Dr Julie Gosling

    OPEN FUTURES IRG Lead

    PS: Knowledge Tip Of The Day

    You might like to find out about the early work of the Black Panther occupation of the Lincoln Recovery Centre in the Bronx, where Black activists assisted their communities to liberate themselves from methadone dependency by the use of Reiki and holistic healing. Clear insight here into well-being as a political issue and a hint at why the Black Panther movement was considered subversive by the FBI who engineered to reframe them as ‘terrorists.’ Also helpful I think to understand and move from a rigid colonial understanding of health to a global vision encompassing of wider indigenous wisdoms.

    More knowledge tips available from Making Waves Lived Experience Network!

    • Miguel G. E. Santo

      Dear Julie,
      Thank you for taking your time to read my post and write your reply. However, I will argue the points that you have made within the context of the post I made.

      ‘In spite of every clinical trial within the worthy medical space, there is not one shred of scientific evidence to link mental distress / difference to any bio/chemical marker.’
      Very bold statement, care to reference few pieces of work on this? Also, if this is true it is very good research venue.

      ‘Medical treatments serve most willingly in their efficacy to profit Big Pharma and the globalized neo-liberal frame…’
      The same can be said of holistic, alternative medicine and naturopaths health centres.

      ‘…that is both mighty and monstrous in its drive to rob us of any insight into the socio-politico-economic causes of human distress…’
      ‘Big Pharma’, may have their downsides, but if Big Pharma is the cause of socio-politico-economic causes of human distress, we would be better off 100 years ago, when Big Pharma didn’t exist, than right now.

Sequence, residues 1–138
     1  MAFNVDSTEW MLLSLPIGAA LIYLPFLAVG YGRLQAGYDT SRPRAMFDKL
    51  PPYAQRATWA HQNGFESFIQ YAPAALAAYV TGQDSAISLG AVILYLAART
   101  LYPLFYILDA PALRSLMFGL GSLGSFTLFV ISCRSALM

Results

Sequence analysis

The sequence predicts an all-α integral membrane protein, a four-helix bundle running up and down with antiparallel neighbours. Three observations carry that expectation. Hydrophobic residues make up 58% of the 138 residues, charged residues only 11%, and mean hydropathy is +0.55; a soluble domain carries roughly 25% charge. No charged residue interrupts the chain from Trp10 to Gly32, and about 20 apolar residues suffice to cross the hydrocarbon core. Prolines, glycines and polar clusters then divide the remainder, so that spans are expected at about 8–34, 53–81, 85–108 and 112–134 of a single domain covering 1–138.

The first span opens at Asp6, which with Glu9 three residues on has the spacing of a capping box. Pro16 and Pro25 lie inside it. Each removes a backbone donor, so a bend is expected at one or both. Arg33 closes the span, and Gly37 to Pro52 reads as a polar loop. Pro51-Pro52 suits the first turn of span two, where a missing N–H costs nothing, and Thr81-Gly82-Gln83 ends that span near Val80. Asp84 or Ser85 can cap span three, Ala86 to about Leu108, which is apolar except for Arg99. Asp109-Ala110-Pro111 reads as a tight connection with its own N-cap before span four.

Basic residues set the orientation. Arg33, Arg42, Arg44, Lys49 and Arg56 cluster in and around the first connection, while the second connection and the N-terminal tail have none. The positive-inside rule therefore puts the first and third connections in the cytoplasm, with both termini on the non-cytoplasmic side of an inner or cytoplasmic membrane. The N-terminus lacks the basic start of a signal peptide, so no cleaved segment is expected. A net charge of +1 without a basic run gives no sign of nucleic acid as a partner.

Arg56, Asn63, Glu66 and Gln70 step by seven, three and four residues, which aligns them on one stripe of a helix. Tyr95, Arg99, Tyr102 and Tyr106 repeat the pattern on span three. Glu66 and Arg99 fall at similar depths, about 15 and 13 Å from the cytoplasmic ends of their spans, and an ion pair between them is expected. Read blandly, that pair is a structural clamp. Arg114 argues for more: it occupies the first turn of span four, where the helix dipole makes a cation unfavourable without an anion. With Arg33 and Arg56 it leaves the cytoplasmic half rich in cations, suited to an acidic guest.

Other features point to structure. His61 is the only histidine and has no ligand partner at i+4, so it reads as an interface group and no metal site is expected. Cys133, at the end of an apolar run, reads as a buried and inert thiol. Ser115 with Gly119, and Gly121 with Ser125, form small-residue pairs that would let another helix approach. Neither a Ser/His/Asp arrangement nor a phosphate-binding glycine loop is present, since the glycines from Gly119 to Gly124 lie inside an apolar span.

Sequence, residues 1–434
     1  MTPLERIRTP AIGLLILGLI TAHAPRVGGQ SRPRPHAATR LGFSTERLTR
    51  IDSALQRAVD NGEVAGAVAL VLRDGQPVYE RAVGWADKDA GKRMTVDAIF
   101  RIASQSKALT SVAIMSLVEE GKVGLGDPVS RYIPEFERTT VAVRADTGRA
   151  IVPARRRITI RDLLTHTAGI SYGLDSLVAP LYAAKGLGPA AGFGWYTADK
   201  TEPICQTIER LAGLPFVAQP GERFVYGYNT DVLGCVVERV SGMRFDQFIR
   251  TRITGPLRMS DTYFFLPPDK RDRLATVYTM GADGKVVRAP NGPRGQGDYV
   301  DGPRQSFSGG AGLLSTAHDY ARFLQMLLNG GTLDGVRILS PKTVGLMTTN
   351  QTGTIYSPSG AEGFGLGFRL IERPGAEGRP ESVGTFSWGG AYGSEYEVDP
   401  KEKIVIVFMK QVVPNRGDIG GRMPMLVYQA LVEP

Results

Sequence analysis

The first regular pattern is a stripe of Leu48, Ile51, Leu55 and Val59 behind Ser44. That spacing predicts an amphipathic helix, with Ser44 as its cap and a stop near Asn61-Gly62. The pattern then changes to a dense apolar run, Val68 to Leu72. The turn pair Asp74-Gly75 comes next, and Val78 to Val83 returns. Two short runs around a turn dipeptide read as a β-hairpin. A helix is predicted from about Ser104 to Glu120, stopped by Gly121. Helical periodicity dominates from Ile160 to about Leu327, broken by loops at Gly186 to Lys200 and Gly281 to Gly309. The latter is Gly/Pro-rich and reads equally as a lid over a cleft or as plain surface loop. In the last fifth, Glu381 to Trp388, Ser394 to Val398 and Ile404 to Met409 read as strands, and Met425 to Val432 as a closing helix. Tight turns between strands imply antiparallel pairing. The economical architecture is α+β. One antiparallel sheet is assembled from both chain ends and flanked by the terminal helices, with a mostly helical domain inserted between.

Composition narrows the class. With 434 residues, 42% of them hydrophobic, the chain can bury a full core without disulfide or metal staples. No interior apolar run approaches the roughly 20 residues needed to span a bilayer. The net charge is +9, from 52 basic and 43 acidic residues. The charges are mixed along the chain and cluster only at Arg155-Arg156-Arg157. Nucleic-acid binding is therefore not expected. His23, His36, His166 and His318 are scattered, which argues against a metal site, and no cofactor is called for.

‘…and to degrade the beautiful capacity of the human spirit and physicality to heal themselves naturally and through chosen pathways.’
      I don’t understand this comment, and it can be interpreted many ways.

      ‘I am wholly open to the important contribution that the neuro-sciences are making to new understandings of the human brain and to our knowledge of its relationship to our mental spiritual and emotional well-being.’
      Yay, me too. But I don’t really know what is the difference between spiritual and emotional well-being, can you expand on this topic?

      ‘Human knowledge is a wonderful resource and I an constantly excited and humbled by its breadth and its diversity and by the ability of people and societies to develop their own understandings, hypotheses and resolutions as an intrinsic component of their personal lived experience.’
      Sorry, this is going to be harsh because I feel really strongly about it. This is probably on of the biggest problems in society, and it demonstrates a huge lack in understanding of how science works. Personal experience means nothing until you scientifically prove that it’s worth something. Many personal insights have created great advancements, but all them use them empiricism to demonstrate that it works and how it works. A well known case is that of penicillin. Several physicians provided several personal accounts that it had anti-bacterial properties, but it wasn’t until Fleming and other scientists after him that showed how and why it works, and its’ biological mechanism.
      In the question number 3, I used a very well known example where personal experience infected the scientific method, and gave light to results that created all the homeopathy non-sense that followed.

      ‘All human knowledge requires some respect and consideration, even if we fail to grasp its significance at points along our individual learning journeys’
      No, knowledge does not reserve respect, nor consideration. What it matters is that it survives scientific scrutiny. Furthermore, to demonstrate this point, I can just re-write your sentence like this:
      ‘All [Nazism, eugenics, fascism, racism, or as you refer ‘’the globalized neo-liberal frame’’] requires some respect and consideration, even if we fail to grasp its significance at points along our individual learning journeys’
      Is this still an ok sentence?

      ‘Thank you Miguel for your thoughts and for your commitment to your work. With open heart and mind, may you continue to learn …’
      Thank you for your wishes. I am always open to learn, and open minded to new and different ideas.

      Kind Regards,
      Miguel

  2. IMH blog disclaimer:

    The blog is committed to publishing a diverse range of posts and invites open discussion. All comments are readers and bloggers own views and not directly affiliated with the IMH.

Leave a Reply

Fill in your details below or click an icon to log in:

WordPress.com Logo

You are commenting using your WordPress.com account. Log Out / Change )

Twitter picture

You are commenting using your Twitter account. Log Out / Change )

Facebook photo

You are commenting using your Facebook account. Log Out / Change )

Google+ photo

You are commenting using your Google+ account. Log Out / Change )

Connecting to %s